Why use OSDP instead of Wiegand?

When a security system is being replaced or retrofitted, OSDP should be considered instead of Wiegand, since Wiegand leaves many card readers vulnerable to attack. OSDP offers end users more options due to its interoperable nature. In addition, OSDP’s multi-drop capabilities means one length of 2-conductor cable can accommodate many readers, eliminating the need to run wire for each reader.

If you work in access control, no doubt you realize that Wiegand became a de facto industry standard after it first emerged in the early 1980s, but has not kept pace with today’s changing security demands.

​Despite several attempts over the past two decades to update the standard, the erroneous assumption was that the “sun was setting on Wiegand technology,” and Wiegand would inevitably be replaced without the need to formally create a new standard.

Security systems are better served by an intentionally developed standard such as OSDP, which brings heightened security, interoperability and improved functionality.

Wiegand lacks the security essential for today’s access control systems. In addition, Wiegand is unsupervised, offers limited distance options, and wires must remain in good condition, free from induced electrical interference. The name Wiegand has also spawned much confusion, since it applies to three completely different aspects of card reader technology (see below).

If you participated in ISC West 2016, you may have heard about the session with ethical hacker Babak Javadi of The Core Group and Cypress CTO Tony Diodato. Javadi quickly hacked a Wiegand card reader and easily extracted data, which could be used to gain or even deny entrance to holders of legitimate credentials.

“Wiegand is not just old, it’s incredibly insecure,” said Javadi, who audits business security systems.

A new standard undoubtedly means changes, but the transition is expected to be a smooth one for dealers and integrators familiar with conversion devices, since the converters eliminate the need to replace entire access control systems at once.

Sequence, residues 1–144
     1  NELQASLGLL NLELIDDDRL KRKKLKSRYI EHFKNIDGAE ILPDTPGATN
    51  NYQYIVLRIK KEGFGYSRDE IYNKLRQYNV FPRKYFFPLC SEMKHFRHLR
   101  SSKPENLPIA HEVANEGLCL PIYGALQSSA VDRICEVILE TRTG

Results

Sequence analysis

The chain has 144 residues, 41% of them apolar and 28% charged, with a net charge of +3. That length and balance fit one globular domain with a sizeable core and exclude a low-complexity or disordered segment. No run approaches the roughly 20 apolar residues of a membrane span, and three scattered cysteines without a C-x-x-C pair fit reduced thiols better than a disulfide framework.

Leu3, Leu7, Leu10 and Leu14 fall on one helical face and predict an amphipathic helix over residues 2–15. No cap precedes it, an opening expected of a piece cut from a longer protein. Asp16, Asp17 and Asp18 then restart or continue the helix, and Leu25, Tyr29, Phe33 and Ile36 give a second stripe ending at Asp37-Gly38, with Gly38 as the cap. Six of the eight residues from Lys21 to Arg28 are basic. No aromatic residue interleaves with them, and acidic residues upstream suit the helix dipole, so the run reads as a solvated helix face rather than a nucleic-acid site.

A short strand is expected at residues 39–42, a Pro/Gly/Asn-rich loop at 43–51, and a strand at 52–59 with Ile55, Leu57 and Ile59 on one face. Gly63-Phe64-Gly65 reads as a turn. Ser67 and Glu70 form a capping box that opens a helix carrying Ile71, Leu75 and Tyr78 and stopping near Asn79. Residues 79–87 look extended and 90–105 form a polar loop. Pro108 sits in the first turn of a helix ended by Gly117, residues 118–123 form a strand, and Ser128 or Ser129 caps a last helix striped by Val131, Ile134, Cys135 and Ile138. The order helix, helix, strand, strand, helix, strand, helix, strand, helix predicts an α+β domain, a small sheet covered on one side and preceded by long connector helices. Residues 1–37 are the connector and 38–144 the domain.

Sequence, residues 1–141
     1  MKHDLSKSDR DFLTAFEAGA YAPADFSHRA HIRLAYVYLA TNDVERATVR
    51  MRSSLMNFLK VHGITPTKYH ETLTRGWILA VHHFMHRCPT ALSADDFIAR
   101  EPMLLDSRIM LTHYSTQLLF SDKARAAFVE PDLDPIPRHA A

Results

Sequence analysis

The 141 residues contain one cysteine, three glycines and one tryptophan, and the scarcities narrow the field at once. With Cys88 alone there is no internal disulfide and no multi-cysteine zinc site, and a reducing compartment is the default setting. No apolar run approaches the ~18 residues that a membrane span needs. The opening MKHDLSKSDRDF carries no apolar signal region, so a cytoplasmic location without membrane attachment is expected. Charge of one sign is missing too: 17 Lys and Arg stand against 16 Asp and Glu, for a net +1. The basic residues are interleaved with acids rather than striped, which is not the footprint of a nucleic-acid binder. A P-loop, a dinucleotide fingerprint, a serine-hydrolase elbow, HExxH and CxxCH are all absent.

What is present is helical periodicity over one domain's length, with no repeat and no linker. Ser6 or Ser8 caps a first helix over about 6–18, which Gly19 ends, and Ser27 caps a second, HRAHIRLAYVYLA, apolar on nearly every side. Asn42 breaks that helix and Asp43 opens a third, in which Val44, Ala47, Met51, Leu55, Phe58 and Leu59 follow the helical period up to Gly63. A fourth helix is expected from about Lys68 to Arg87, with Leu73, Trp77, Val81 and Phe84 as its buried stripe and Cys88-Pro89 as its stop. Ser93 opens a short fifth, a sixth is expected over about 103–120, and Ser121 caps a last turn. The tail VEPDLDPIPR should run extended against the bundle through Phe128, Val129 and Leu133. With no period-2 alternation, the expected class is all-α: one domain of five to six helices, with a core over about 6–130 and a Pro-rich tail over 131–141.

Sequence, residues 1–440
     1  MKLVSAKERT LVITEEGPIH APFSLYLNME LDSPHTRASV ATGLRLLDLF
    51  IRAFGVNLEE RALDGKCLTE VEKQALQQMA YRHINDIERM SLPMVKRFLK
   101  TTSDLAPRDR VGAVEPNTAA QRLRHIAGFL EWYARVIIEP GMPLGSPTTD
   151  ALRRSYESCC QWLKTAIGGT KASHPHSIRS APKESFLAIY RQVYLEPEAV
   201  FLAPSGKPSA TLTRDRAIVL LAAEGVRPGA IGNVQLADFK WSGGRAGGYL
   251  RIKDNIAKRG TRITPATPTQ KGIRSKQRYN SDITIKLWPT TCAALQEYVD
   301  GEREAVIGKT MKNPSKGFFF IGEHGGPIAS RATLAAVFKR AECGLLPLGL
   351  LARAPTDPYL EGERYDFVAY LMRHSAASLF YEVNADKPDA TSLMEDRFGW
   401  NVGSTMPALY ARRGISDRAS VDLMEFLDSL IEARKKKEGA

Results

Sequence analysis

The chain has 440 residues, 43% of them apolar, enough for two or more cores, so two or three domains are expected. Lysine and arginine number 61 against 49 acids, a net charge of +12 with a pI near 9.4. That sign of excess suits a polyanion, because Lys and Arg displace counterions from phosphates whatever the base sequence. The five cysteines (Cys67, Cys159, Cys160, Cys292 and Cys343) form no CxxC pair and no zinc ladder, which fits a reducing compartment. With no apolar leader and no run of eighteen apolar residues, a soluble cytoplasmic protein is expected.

We at Cypress are deeply committed to OSDP, a standard which has long been needed in the security industry. Cypress Founder and CTO Tony Diodato has been involved in SIA’s Access Control & Identity Group as the standard has developed.


Since about 1979, most microprocessor-based security and access control equipment used a half-duplex communication medium which relayed signals ─ in one direction at a time ─ from field devices to monitoring stations or control panels. Half-duplex has been used in everything from telephone lines to dedicated wires within or between buildings. Security manufacturers have used single, twisted-pair communication for decades.

Wiegand became considered the industry standard for most access control card readers in the early 1980s.

While the name Wiegand is widely known among those in access control, it has spawned much confusion, since it applies to three completely different aspects of card reader technology:

  1. Wiegand – Cards and Readers
  2. Wiegand – Hardware Interface
  3. Wiegand – Binary Formatted Data on a Card

Wiegand Definitions

1. Wiegand Cards and Readers – Wiegand became involved in the access control industry with the advent of cards with tiny wires embedded in the plastic and in the card readers. The Wiegand cards were a great replacement for the magnetic stripe (magstripe) cards, which could be erased or destroyed in heavy industrial or outdoor environments. Magstripe cards also required precise swiping. The Wiegand cards were virtually indestructible and could not be erased or reprogrammed. In addition, due to the Wiegand reader’s wider slot, swiping was more efficient, user-friendly, and fault-tolerant. GM was among the first companies to implement Wiegand card and reader technology worldwide and still uses these technologies today, along with other card technologies.

2. Wiegand Hardware Interface – The above mentioned Wiegand readers had an extremely simple 2-wire interface that came right out of the read head. As the little wires in the plastic passed by a magnet, they energized, then released an inductive voltage spike (like a coil). The “ones” came out one wire and the “zeros” came out the other. The spike lasted about 100 microseconds and originally was sent out raw. The signals would travel about 500 feet on 18 AWG wire after simple signal conditioning was employed (typically 100us Pulses with 1ms intervals). Today we refer to these as “Data 0 and Data 1”.

3. Wiegand Binary Format – Finally, the way the bits were organized on the card was referred to as “Wiegand Format.” All card formats have ones and zeros but, unlike the ABA format of magstripe cards (5 bit digits) which were common at the time, Wiegand used a compact binary representation of the card number since, well, there are only so many little wires you could fit into a 2-inch plastic card. There were 2 main fields of data and usually 2 parity bits for error detection. With 26 bits, you could get 16 bits of sequential card numbers (1 to 65535) and 8 bits of Site (Facility) codes (1 to 255). A parity bit at either end could be used for both error detection and sensing which direction the badge was swiped.

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